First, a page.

Remembering and Forgetting the Cultural Revolution: how a turbulent decade still shapes China

Key information

5:00 pm to 6:30 pm
Russell Square, College Buildings

About this event

It is impossible to understand China today – its economy, culture, society and psyche – without understanding the Cultural Revolution. The movement, unleashed by Mao in 1966 and ending only following his death a decade later, saw perhaps 2 million die and 36 million more hounded. Yet an era which shaped hundreds of millions of Chinese lives, including that of the leader, Xi Jinping, is rarely discussed due to both official repression and personal trauma. Why is it that some people choose to remember – and how do they make sense of the turmoil?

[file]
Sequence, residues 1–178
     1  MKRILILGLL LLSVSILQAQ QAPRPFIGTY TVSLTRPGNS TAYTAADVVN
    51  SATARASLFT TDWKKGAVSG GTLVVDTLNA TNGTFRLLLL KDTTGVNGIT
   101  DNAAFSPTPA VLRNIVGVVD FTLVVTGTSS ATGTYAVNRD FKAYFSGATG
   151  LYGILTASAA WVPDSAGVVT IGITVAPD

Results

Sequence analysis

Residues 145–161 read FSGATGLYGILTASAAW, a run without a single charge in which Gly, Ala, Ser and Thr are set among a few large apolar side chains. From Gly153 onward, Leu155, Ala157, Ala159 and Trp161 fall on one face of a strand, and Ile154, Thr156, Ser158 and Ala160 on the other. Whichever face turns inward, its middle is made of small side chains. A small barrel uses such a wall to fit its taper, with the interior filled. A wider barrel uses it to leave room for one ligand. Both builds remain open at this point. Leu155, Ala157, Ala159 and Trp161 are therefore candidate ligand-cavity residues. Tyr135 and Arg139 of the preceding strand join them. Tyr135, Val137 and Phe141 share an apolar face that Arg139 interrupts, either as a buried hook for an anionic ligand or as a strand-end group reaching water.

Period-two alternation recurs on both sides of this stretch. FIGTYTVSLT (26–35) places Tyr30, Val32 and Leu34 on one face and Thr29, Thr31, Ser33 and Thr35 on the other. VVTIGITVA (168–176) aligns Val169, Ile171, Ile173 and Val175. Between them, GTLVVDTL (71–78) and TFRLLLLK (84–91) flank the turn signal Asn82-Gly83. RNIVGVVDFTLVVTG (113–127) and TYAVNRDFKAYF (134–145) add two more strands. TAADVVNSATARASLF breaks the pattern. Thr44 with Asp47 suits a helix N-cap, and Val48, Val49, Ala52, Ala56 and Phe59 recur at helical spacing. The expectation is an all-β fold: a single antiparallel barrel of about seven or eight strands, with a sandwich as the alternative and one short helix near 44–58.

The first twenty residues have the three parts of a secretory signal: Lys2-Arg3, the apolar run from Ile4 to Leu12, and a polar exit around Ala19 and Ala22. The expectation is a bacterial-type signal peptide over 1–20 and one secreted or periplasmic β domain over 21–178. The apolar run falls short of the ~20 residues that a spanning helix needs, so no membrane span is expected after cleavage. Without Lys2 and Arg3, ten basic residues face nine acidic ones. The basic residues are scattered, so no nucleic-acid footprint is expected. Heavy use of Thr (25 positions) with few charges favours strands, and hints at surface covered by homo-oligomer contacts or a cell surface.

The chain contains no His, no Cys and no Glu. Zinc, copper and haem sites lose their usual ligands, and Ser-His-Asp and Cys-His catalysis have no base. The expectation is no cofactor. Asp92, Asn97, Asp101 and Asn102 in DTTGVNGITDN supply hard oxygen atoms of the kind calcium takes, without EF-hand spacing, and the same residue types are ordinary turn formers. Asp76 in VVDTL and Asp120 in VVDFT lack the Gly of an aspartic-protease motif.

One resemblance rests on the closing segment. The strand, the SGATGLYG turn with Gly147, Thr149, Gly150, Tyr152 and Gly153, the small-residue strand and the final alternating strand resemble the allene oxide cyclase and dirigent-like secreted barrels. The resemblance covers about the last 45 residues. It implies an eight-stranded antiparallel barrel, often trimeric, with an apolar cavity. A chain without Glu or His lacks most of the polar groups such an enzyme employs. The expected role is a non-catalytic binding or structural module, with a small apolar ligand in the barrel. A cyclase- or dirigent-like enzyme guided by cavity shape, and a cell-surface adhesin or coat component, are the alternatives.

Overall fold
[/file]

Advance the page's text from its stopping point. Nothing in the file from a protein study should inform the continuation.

About the speaker

Tania Branigan is author of Red Memory: Living, Remembering and Forgetting China’s Cultural Revolution and is foreign leader writer at The Guardian. She was previously its China correspondent, based in Beijing.


This event is open to the public and free to attend, however registration is required. Complete this form to register.

Please note that this seminar is taking place on campus and will not be recorded or live-streamed.

Chair: Professor Steve Tsang (Director, SOAS China Institute)

Organiser: SOAS China Institute

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